I WONDER how many people have noticed that a famous quotation from Gibbon can now be classed with the fulfilled prophecies — or rather, what is even more mystic and oracular, with the half-fulfilled prophecies. I say a quotation from Gibbon, for I fear it would be more misleading to call it a passage in Gibbon. Gibbon is now a classic; that is, he is quoted instead of being read. The thing most commonly quoted is an unusually stark and startling lie; the story which identifies St George with an Arian who was a swindling contractor. It is still sometimes quoted as a truth; though it is hard to understand how anybody with even the most superficial sense of history could ever have thought it true. Supposing, for the sake of argument, that the Church had been enthusiastically eager to canonize a swindler, it would have been quite impossible for her to canonize a heretic. But more often nowadays it is quoted as a lie; for the historian’s cold hatred of the Christian tradition has begun to be felt and allowed for; but, as it is one of the few things quoted at all, it might be held to imply that the whole history was a tissue of lies. And this would be quite as unjust to Gibbon as Gibbon was to George. But there has been a reaction against that Age of Reason, in which we may lose even those parts of it that were really reasonable. Whatever else we may say of our own age, for good or evil, nobody is likely to call it an Age of Reason. The later French Pantheists called Voltaire a barbarian, exactly as Voltaire had called Shakespeare a barbarian. And in the same way even the ‘Decline and Fall’ has already declined and fallen.
But there is one other quotation from it that still deserves to be called a popular quotation. Being a popular quotation, it is probably a popular misquotation. Such a thing is normally misquoted; and I will here, to the best of my humble ability, misquote it. I have not got the book within reach; and I would not be bothered to look through the whole six volumes even if I had. But it is a passage in which he remarks, in a sort of parenthesis, that the family of Henry Fielding was connected in some way with the Imperial House of the Holy Roman Empire; and admits that the great princes of the dynasty might smile at the connexion; ‘but the romance of Tom Jones, that exquisite picture of life and manners, will outlive the palace of the Escorial and the imperial eagle of Austria’.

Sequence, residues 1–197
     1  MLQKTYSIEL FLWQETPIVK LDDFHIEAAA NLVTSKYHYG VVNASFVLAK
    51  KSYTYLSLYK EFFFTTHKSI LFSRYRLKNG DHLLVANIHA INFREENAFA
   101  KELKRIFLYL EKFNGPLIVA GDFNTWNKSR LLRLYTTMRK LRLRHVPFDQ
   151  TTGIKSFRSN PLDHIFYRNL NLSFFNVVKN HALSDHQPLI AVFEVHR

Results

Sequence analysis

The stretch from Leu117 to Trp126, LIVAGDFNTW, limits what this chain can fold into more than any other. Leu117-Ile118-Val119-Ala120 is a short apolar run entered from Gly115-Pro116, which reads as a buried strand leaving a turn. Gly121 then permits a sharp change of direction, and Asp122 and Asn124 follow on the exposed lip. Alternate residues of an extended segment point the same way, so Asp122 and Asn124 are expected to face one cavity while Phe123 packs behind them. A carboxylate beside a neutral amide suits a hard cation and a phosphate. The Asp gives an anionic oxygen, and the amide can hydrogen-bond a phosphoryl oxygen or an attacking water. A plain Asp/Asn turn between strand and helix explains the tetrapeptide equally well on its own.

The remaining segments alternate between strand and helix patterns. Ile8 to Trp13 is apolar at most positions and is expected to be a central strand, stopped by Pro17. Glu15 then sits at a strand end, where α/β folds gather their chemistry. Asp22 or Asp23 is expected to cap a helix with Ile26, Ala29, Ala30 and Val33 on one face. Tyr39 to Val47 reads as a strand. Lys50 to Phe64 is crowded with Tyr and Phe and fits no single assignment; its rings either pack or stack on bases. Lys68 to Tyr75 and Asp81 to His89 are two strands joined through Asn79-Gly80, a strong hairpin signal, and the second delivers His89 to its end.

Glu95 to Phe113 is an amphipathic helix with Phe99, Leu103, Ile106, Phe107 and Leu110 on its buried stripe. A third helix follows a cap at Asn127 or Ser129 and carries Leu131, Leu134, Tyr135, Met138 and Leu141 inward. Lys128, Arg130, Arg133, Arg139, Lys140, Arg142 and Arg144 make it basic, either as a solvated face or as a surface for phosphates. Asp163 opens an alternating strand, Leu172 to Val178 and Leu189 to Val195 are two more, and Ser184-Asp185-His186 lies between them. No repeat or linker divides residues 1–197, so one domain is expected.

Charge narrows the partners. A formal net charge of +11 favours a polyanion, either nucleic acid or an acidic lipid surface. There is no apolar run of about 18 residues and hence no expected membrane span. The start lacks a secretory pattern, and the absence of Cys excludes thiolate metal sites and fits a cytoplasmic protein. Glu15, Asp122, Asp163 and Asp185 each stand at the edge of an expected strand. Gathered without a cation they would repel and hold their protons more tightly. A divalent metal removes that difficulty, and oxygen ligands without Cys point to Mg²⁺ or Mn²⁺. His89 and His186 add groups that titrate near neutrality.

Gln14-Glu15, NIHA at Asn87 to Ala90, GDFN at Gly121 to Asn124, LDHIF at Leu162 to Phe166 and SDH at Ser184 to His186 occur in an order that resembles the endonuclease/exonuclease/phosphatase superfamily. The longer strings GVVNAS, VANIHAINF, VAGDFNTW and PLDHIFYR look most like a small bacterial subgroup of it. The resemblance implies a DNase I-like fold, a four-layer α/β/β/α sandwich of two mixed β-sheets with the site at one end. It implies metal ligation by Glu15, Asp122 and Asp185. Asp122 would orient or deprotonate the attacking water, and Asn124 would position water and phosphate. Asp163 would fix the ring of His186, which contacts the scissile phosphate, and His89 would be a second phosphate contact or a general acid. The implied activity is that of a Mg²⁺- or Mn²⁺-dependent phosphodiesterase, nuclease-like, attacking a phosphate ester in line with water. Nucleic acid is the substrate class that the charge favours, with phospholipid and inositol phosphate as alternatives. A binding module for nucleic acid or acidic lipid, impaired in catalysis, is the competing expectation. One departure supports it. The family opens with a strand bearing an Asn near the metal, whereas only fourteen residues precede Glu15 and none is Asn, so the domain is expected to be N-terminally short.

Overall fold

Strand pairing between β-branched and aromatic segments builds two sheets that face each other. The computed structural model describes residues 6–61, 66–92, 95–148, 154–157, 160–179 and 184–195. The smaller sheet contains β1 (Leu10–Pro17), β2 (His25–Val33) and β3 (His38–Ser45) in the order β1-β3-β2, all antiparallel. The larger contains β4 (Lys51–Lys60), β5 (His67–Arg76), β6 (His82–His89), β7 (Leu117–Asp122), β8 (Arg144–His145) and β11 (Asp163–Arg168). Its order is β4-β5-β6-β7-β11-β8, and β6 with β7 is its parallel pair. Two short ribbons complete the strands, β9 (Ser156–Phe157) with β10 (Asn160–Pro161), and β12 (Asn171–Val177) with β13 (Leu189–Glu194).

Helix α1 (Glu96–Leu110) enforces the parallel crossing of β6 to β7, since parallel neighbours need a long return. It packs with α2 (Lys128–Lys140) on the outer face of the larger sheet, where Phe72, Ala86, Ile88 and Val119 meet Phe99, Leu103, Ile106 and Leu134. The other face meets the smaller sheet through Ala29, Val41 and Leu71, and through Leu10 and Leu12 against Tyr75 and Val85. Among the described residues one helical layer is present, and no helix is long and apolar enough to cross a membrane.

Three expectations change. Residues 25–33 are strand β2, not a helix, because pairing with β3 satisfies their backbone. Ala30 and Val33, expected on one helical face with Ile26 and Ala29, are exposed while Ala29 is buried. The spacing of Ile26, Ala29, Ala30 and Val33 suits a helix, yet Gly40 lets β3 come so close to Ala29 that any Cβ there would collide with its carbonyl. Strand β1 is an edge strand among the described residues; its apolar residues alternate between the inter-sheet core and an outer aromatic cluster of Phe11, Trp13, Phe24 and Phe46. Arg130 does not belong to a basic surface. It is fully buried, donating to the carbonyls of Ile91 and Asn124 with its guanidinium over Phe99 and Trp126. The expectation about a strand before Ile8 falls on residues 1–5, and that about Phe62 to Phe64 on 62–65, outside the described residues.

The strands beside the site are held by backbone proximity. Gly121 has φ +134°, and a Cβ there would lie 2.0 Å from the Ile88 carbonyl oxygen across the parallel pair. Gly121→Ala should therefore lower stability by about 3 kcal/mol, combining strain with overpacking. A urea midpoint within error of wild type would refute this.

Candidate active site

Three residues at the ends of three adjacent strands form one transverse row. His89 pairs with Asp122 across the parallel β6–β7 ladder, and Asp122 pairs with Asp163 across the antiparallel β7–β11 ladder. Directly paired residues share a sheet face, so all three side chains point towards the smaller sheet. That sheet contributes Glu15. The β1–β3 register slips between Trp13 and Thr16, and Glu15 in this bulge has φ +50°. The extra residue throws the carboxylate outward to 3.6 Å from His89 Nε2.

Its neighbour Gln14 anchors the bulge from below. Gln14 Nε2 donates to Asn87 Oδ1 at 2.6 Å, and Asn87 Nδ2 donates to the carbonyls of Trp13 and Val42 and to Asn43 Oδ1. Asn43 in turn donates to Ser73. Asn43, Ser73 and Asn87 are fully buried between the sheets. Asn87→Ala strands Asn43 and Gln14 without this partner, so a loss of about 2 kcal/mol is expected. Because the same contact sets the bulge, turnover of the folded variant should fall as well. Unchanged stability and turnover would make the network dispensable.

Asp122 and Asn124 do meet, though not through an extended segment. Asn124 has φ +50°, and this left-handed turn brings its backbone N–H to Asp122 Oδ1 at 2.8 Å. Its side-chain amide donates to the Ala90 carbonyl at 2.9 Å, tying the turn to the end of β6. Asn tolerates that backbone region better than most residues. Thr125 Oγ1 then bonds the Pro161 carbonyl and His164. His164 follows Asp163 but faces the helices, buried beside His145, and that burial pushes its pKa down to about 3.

Well, it has already outlived the imperial eagle of Austria. That half of the defiant prediction has already become a definite and rather dull fact; almost in the way of an anti-climax. And it could not but cross my mind, like a cloud of some strange shape crossing the sky, when I stood recently under the ranked and rigid columns of the Escorial, that strange Spanish palace built by the harsh whim of one of the strangest of Spaniards and of men. Philip the Second not only dedicated it to St Laurence, but built it in the shape of a gridiron. And I realized something appropriate in the image, beyond the suggestion of something in the King’s own life of stiffness and of suffering. Señor Junoy, the distinguished Catalan writer, said to me, with great imaginative insight: ‘It seems so cold, and yet it is so ardent.’ Philip’s gridiron, almost like Pickwick’s warming-pan, was a cover for hidden fire. The very coldness of the surroundings accentuates that contained intensity.
Others besides myself have often remarked on the curious fact that the guide-books and note-books of travel, and all the countless sketches and photographs and similar records, never seem to tell us the thing which seems most striking when it strikes the eye. I had heard about Philip the Second and the Escorial, and other elements in the picture; but I conceived a picture of Spain rather as if it must be a picture of Seville. I thought vaguely that everything would happen in the summer and there would be a background of orange-trees and a hint of Moorish architecture. I had seen hundreds and hundreds of sketches and pictures of Spanish scenes, often probably of these identical Spanish scenes; and yet somehow the primary point of the whole impression had never pierced.